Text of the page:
3rd: Behaviors that distract the bus driver are not acceptable. Bus drivers need to have their attention focused on safely driving the bus. With the safety of passengers, pedestrians and other motorists at stake, it is important for each student to create and maintain a relatively quiet and non-distractive environment on the bus.
4th: Behaviors that create unsafe conditions are not acceptable. For your own, and the safety of others, it is important for you to fully cooperate with all safety instructions—whether written or given verbally by the driver.
USD 320 School Bus Discipline Plan
When students misbehave on the bus or at bus stops, it not only creates an unsafe condition by distracting the driver, it also infringes on the rights of other passengers. For this reason, misconduct will not be tolerated. The following briefly outlines and explains the procedures that will be used when students misbehave on the bus.
Good behavior on the bus is the responsibility of each rider. While bus drivers will attempt to help resolve minor infractions, each student is still responsible for their behavior on the bus and at bus stops. In the event of misbehavior, the driver will give the student a verbal warning and call their parents. Any further disregard for rules or misbehavior regardless of the nature, will require that a written misconduct report be turned in.
*First Written Misconduct Report
Hopefully most discipline problems will be resolved with the combined efforts of the driver and the parents. But in the event that a student’s behavior does not improve, the driver will fill out a written misconduct report and call the parents. The safety and the personal rights of other passengers cannot be forfeited because of the misconduct of a few. After receiving the first written misconduct report, the transportation director will meet with the student at the school and also call the parents. A copy of this discipline plan, bus expectations and the completed misconduct report will be mailed to the parents. A meeting with the parents, the driver and the transportation director may be scheduled if necessary or requested by the parents.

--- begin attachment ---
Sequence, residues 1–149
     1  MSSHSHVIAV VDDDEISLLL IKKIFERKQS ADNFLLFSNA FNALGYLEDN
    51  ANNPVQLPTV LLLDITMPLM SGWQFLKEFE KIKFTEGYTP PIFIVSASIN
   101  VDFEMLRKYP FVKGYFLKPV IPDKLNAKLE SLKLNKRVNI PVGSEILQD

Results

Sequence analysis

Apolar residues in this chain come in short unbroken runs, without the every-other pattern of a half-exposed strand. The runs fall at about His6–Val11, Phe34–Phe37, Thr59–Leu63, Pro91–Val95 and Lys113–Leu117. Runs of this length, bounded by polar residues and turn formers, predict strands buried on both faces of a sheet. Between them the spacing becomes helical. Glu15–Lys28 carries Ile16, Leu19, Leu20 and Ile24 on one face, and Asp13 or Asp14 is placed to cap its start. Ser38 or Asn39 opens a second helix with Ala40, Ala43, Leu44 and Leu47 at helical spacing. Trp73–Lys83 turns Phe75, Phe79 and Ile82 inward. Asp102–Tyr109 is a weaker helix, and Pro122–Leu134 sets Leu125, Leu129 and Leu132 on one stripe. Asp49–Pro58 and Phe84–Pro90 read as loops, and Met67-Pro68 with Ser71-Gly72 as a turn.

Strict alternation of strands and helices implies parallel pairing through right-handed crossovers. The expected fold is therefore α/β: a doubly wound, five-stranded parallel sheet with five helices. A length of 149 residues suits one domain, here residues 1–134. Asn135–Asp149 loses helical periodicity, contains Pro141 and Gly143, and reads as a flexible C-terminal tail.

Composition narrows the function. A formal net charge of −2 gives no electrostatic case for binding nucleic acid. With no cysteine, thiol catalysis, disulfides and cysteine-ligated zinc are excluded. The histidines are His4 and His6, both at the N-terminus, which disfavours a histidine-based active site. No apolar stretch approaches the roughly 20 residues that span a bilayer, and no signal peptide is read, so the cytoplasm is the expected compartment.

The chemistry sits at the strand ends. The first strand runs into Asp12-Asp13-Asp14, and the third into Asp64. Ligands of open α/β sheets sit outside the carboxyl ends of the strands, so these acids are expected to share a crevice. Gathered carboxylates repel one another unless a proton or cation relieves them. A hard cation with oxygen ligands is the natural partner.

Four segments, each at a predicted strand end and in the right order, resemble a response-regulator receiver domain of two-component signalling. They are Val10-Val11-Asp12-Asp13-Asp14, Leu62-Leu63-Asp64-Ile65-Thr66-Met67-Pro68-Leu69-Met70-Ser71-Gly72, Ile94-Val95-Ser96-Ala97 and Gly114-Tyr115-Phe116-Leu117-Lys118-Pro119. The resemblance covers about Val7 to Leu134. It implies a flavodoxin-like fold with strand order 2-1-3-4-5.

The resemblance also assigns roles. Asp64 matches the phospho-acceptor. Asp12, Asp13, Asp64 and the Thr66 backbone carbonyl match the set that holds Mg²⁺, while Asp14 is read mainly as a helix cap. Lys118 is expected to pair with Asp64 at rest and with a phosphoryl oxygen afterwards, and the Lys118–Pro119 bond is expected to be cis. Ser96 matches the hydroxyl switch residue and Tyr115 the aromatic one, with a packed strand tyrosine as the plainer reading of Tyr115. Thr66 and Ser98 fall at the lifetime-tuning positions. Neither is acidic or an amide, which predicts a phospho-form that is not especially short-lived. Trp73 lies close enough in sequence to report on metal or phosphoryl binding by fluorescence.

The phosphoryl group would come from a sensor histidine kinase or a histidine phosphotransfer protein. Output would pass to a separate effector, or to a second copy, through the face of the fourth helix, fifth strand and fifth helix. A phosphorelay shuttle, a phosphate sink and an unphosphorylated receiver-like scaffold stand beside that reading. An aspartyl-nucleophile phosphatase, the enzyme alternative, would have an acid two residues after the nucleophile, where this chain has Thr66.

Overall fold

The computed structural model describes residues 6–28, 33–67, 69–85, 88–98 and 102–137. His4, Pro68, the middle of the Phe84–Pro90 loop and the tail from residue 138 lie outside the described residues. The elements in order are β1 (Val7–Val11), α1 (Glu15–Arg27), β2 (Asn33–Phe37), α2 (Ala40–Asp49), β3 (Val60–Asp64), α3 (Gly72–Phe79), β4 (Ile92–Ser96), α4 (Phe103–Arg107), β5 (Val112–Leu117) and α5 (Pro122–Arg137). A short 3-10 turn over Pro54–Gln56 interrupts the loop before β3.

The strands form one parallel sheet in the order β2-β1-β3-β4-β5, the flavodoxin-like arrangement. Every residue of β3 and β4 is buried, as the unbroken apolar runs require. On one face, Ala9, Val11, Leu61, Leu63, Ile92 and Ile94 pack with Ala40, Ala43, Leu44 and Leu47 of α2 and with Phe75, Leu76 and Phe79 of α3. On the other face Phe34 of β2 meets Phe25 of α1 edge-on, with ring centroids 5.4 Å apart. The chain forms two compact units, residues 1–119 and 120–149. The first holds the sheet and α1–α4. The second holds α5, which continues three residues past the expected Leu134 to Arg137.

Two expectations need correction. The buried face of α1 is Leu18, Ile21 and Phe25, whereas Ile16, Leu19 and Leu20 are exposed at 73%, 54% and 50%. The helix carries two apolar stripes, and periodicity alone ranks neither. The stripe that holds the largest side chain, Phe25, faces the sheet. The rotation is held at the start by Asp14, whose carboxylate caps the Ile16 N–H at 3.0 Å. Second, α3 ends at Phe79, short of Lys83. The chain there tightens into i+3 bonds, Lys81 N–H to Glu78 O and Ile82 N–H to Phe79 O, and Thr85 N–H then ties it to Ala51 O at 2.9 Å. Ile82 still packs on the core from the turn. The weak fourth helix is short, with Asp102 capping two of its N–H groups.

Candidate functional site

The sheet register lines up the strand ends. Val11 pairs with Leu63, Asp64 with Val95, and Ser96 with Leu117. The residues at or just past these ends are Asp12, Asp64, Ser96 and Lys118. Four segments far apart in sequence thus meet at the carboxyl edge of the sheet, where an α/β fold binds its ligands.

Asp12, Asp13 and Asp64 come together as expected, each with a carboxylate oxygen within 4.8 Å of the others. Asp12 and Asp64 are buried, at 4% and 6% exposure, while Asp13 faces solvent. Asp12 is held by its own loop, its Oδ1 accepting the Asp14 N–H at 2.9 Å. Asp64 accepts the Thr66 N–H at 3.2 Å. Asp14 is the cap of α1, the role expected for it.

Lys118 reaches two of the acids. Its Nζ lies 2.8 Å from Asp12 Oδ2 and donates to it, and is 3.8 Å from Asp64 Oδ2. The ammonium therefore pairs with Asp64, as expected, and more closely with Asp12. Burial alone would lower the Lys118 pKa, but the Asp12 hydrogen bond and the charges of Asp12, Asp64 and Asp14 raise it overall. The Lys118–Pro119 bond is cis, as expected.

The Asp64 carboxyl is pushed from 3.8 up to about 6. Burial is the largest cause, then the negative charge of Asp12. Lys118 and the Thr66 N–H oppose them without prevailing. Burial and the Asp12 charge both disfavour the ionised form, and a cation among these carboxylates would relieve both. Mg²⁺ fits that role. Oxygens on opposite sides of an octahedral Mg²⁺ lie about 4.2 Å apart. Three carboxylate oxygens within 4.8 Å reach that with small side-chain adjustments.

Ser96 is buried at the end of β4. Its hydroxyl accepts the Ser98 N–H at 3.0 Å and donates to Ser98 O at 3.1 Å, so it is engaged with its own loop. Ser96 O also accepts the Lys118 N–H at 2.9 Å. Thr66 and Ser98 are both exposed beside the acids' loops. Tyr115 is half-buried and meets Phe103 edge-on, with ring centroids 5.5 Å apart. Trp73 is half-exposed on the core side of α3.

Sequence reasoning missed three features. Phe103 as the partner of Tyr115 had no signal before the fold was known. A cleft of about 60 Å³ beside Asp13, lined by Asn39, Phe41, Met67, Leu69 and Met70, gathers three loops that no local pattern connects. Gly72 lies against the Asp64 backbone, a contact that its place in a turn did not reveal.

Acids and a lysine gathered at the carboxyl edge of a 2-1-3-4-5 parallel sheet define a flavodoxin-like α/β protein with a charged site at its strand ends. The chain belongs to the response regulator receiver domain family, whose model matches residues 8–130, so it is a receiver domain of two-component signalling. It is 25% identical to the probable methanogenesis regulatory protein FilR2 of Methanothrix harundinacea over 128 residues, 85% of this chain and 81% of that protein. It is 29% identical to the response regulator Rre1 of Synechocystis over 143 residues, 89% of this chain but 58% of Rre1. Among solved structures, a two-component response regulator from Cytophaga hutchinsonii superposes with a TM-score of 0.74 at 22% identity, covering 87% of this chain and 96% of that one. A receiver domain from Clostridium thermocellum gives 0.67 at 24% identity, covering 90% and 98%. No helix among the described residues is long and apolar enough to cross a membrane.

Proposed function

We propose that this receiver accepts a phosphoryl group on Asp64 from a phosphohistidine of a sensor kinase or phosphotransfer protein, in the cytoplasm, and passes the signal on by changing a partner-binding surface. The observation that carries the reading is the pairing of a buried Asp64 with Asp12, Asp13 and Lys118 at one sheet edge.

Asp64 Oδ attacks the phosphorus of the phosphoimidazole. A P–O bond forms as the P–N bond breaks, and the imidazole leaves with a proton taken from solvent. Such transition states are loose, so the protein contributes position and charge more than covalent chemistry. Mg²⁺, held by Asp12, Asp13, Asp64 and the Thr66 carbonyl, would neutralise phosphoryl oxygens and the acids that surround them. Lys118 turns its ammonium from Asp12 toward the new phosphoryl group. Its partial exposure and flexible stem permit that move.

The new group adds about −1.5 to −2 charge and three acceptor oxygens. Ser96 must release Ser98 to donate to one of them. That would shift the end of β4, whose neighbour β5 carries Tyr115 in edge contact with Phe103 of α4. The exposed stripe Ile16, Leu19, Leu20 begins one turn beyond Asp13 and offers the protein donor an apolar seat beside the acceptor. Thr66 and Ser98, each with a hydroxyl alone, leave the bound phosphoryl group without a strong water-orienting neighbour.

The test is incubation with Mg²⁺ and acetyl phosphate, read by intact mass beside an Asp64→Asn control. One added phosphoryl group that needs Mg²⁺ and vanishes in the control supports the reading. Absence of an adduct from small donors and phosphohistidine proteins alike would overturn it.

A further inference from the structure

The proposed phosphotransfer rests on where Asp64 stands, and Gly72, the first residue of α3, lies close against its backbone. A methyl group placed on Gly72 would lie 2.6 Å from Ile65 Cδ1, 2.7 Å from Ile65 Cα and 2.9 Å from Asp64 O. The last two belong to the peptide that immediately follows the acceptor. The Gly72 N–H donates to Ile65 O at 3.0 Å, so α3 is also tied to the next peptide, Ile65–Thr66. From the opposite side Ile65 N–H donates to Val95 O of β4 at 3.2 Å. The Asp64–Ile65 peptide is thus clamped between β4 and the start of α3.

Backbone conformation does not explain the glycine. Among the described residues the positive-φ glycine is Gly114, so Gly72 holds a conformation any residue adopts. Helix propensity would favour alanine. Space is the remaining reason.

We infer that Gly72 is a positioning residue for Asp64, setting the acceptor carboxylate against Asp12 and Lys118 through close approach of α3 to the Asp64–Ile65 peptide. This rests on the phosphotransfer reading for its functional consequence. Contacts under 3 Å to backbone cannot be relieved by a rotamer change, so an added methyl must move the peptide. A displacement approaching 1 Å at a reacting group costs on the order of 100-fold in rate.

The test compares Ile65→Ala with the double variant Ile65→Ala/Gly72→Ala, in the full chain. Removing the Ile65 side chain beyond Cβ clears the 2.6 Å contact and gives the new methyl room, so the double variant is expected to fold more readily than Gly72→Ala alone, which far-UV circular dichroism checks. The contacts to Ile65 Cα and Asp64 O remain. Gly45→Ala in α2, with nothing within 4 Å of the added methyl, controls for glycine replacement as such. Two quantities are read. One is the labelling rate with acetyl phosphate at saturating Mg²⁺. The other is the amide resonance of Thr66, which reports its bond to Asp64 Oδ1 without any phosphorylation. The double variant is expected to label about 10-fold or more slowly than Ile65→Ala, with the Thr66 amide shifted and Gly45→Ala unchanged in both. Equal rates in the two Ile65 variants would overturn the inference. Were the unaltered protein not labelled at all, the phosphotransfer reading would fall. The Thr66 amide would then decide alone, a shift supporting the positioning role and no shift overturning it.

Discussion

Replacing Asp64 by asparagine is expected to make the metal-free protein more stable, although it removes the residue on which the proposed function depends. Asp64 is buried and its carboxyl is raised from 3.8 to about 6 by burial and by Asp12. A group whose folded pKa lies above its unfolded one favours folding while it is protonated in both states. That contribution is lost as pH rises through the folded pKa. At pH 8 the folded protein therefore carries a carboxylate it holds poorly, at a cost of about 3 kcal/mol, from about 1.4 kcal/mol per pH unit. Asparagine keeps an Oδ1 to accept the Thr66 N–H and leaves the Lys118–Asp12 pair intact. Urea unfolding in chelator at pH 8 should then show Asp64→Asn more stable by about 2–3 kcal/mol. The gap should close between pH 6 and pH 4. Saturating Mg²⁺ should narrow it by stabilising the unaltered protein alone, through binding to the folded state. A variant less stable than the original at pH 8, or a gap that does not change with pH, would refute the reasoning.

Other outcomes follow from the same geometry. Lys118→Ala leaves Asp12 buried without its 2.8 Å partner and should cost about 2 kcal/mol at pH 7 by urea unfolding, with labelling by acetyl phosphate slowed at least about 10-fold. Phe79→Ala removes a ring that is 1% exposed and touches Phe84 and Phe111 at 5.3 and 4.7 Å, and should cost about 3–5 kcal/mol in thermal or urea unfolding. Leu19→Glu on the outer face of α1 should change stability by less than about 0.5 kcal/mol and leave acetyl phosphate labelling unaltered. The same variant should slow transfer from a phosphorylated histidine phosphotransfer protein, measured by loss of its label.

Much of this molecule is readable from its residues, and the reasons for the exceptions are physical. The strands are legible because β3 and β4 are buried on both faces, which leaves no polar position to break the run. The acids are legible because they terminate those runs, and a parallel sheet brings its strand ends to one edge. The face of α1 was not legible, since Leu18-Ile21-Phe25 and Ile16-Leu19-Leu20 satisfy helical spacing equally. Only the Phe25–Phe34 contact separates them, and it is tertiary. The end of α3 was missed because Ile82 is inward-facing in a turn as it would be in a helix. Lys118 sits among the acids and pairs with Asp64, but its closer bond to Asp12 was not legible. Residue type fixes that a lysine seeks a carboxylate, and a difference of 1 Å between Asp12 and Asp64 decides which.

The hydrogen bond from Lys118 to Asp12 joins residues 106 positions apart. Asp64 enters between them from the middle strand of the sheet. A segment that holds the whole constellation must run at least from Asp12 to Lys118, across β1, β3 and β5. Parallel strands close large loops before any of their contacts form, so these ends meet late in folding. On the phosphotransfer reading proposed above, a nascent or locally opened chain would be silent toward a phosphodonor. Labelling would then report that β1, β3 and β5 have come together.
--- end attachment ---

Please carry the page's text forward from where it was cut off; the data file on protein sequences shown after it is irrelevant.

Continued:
*Second Written Misconduct Report
After receiving the second written misconduct report, the director will meet with the student at the school and call the parents. A copy of this discipline plan, bus expectations and the completed misconduct report will be mailed to the parents. The student will lose bus-riding privileges for 5 school days. A meeting with the parents, the driver and the transportation director may be scheduled if necessary or requested by the parents.
*Third Written Misconduct Report
Same as the second report, but the student will lose bus-riding privileges for 15 school days and a meeting with the parents, the driver and the transportation director will be scheduled.
*Fourth Written Misconduct Report
Same as the second report, but the student will lose bus-riding privileges for 45 school days and a meeting with the parents, the driver and the transportation director will be scheduled.
*Fifth Written Misconduct Report
Same as the second report, but the student will lose bus-riding privileges for the rest of the year and a meeting with the parents, the driver and the transportation director will be scheduled.
Behaviors listed below will result in an immediate written report and a 5 day loss of bus-riding privileges or the next level of consequences, whichever is greater.
- Obscene language or behavior
- Throwing objects in or out of the bus
- Possession of weapons (Treated according to USD 320 Weapons Policy)
- Destroying bus property
- Refusal to obey the driver
- Use or possession of tobacco, drugs or alcohol
- Abuse or harassment directed at the driver or students (Physical or Verbal)
Remember, bus service is a privilege and not a right. In fact, the cost of transportation for most USD 320 passengers is a service for which the district does not receive any funding from the state or federal government.